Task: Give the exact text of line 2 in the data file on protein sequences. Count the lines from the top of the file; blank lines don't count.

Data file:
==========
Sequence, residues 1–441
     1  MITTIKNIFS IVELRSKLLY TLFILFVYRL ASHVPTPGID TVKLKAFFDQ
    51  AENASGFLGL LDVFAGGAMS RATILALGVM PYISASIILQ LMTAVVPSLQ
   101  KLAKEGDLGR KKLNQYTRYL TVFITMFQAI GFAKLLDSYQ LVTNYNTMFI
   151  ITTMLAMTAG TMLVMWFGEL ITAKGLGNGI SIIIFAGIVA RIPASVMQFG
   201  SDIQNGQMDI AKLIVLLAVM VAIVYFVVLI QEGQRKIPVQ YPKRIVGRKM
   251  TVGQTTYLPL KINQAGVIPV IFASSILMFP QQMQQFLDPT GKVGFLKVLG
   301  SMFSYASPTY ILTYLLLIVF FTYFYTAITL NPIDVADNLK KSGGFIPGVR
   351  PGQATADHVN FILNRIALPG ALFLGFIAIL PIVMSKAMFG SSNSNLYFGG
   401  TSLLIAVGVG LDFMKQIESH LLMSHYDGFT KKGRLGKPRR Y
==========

     1  MITTIKNIFS IVELRSKLLY TLFILFVYRL ASHVPTPGID TVKLKAFFDQ